Dr. Youssef Ismail: Move At the Speed of Time
by Maryam Awwal
by Maryam Awwal
“Don’t try to rush things and don’t lag behind. Realize that every moment is a precious moment and be present in it. When chaos happens, move with it, and when things slow down, revel in that slowness.”Visit Dr. Youssef's faculty page
“Whatever you do, move at the speed of time,” says Dr. Youssef Ismail, professor of Maliki fiqh, geometry, and astronomy at Zaytuna College. “Don’t try to rush things and don’t lag behind. Realize that every moment is a precious moment and be present in it. When chaos happens, move with it, and when things slow down, revel in that slowness.” This is his advice for students to apply at any stage of life—in their studies, future careers, and daily habits.
This advice is modeled from his own life. After graduating from high school, Youssef had two choices: go to work or continue school. That summer, he tried working at a manufacturing company but decided to change paths when the work (building speakers) made his ears ring. He took placement tests at the local community college, where they placed him at the lowest levels of math and English. Disturbed and disappointed, he decided he’d never get lower than a B in his classes again.
Youssef quickly excelled in his classes, tutoring other students in trigonometry. “The academic fire was lit under me, and I just wanted to learn. Whatever I would study, I made sure I learned it by getting the highest marks in every subject.” Six years after high school, he graduated summa cum laude from CSU Northridge. With the encouragement of his teachers and hoping to stay in California, Youssef applied to two graduate schools: UC Berkeley and Stanford. He was accepted to both.
After a chance encounter with a UC Berkeley student, Youssef chose to enroll at Stanford, intending only to complete his master’s. “I could only afford to do the one year, but they only had two courses for the specialty I wanted to study, which I was upset about. So I talked to the director about why I wanted to come, and he encouraged me to do a PhD. When I told him I couldn’t afford it, he smirked. ‘Never in my 30 years have I seen a student not get the degree they wanted because of money,’ he said. ‘Check in with me again in the spring—but not if you get a 3.0.” The director gave Youssef a stipend to work in the lab that summer and paid his tuition for the next five years.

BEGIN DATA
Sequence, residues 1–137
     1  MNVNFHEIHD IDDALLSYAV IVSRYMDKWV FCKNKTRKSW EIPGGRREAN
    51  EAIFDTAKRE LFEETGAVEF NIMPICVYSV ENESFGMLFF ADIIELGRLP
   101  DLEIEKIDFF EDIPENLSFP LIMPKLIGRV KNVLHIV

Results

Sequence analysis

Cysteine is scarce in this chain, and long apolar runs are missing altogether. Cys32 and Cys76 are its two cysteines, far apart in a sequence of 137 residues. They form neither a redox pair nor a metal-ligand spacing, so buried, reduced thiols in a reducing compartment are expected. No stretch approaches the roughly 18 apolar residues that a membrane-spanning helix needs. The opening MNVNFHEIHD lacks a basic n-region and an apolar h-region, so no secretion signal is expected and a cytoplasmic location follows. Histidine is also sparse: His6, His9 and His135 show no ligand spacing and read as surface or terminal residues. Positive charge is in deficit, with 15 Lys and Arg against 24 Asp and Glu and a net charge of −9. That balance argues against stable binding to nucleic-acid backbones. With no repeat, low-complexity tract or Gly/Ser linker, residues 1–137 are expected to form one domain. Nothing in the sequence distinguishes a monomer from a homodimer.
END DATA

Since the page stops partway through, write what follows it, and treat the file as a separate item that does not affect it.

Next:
It was during his time at Stanford that Youssef also began to learn more about Islam. Brothers in the MSA taught him to pray and read Quran, and with that, the love of Arabic and sacred knowledge grew. Within two years, he could read Arabic fluently, consuming whatever he could find. “The love of Islam just started growing. Throughout most of my graduate studies, I felt like I had wasted my time studying engineering. I felt like I had kind of cheated myself. Time went on, and a friend told me that Shaykh Hamza Yusuf was teaching Arabic at a masjid in Santa Clara. I called Yale University Press and got the last hardcover copy of the book they were covering.”
While he was finishing his dissertation and graduate studies, Youssef continued to study Arabic, covering the classical 13th century grammar text, Ājurrūmiyyah, twice with Shaykh Hamza. Upon completing his degree, he continued his studies with Shaykh Hamza and visiting scholars from Mauritania. These classes were during the pivotal early years of Zaytuna, and the room was packed. “People would sit on the apartment balcony to hear.” In the years that followed, Dr. Ismail continued his study of Islam, entirely within the Bay Area.
“It’s the unfolding of Allah’s creation. It only unfolds when He wants it to unfold. And that’s the pace you move at.”
After a few years at Stanford and various companies, Dr. Ismail began his own photography business, selling photos for about three years. He began teaching by chance after helping students at a homeschooling center, a role that grew to be full-time. In 2010, Shaykh Hamza asked him to teach an astronomy class to Zaytuna students, bringing him back to Zaytuna, which had since grown into a college. In addition to his teaching work, Dr. Ismail’s current research interests include improving methods for determining prayer times, assessing the qibla, and moonsighting.
Studying geometry and astronomy are crucial, he says, because of their role in applying the other sciences of a liberal arts curriculum. “Geometry is the study of space and the application of the rules of logic. You practice and formulate arguments and prove them in geometry without any doubt. It is the starting point of all of technology, while astronomy is the starting point of all other sciences. It teaches the skill of observation and the virtue of patience. And it allows us to ponder on the vast creation of Allah.” With both the cosmos and time, he says, “It’s the unfolding of Allah’s creation. It only unfolds when He wants it to unfold. And that’s the pace you move at.”